|Day Low/High||131.94 / 133.62|
|52 Wk Low/High||101.42 / 147.20|
Let's get a cold one from the refrigerator and look at the charts again.
The group has turned around in recent months, and signs of a top have yet to emerge.
As hedge funds are forced to unwind tech positions, here is how to play the rotation.
PepsiCo recently beat on earnings expectations but the future may not be in soda for them -- its just may be in seltzer. And we had our own millennial taste test to see how the company's Bubly stacks up. Watch!
Earnings have been strong, and analysts will soon start to concentrate more on actual weakness than shadow-boxing weakness.
These blue chips pay shareholders handsomely in the form of dividends and share buybacks.
This is likely to be quickly forgotten again and the focus turn to earnings.
The company's strong quarter should scare the Dickens out of the naysayers.
The DJIA and S&P 500 had some decent gains, but breadth was negative with about 3,230 to 3,600 losers.
If second quarter's results are any indication, Pepsi is not letting consumers' changing tastes slow it down.
The soft-drink giant is up some 4% on good earnings. Here's a three-part call play on the move.
Second-quarter results were good enough to make PEP a safe haven for those looking to park some cash.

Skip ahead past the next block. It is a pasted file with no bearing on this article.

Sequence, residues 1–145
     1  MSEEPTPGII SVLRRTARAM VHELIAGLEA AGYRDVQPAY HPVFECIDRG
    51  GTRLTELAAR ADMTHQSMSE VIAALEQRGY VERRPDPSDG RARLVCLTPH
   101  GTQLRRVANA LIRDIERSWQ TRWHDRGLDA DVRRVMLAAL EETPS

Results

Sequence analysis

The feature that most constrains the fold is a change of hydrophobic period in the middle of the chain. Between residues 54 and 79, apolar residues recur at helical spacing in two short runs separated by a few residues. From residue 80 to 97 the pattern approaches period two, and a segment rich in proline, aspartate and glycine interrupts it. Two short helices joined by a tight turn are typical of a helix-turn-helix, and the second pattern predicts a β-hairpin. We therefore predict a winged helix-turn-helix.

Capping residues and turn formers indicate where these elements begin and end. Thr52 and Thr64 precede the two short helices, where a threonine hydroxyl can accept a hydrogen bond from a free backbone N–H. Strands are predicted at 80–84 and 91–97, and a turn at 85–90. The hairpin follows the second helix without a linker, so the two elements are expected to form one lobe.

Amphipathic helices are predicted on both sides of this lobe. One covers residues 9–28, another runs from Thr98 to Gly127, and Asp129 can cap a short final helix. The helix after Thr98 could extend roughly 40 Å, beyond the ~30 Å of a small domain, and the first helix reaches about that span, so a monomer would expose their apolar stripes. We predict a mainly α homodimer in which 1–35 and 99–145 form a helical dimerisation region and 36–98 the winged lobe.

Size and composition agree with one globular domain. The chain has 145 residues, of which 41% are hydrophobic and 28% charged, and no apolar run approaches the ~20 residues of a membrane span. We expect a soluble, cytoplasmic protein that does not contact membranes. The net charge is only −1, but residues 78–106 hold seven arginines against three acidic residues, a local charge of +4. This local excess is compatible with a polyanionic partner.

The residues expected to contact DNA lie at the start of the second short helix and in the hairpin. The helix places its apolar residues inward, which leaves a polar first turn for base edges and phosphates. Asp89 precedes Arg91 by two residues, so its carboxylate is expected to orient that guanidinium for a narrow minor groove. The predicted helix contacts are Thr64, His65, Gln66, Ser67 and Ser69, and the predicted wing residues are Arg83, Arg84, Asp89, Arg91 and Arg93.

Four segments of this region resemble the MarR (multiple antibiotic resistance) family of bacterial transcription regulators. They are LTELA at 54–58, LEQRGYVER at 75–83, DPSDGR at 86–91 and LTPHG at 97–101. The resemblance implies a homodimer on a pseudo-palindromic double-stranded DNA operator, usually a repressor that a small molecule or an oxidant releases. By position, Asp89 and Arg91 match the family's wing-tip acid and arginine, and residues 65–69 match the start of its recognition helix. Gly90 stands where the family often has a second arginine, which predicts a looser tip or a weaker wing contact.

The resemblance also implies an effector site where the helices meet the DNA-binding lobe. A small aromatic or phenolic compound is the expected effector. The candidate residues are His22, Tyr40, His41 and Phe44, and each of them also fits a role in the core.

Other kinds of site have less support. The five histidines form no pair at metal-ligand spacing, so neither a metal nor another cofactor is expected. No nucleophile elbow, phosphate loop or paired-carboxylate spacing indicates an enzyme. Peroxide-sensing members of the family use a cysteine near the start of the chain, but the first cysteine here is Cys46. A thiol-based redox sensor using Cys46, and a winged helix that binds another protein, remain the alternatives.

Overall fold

Alphabet is sitting on a gem in Waymo. Here's what one well-known analyst had to say on the business.
Let's go to our game plan that's filled not just with earnings but with key data from both the U.S. and China.
We are supposed to be having tremendous wage pressure and we aren't.
It's Friday, so why not talk about some Wall Street rumors. There is life beyond the U.S. trade war with China.
Our GLUM Index stocks will be hit hard by this trade war.
Fed signals more rate hikes than expected, putting a hold on the equities markets for now.
When rotations slow or pause, investors return to the new classics.
A potential 'opening up' of North Korea could be a needle mover for these names.
These names have reliably paid dividends for at least 25 years.
The markets ought to be surging with the drop in interest rates and oil, but traders are fearful instead.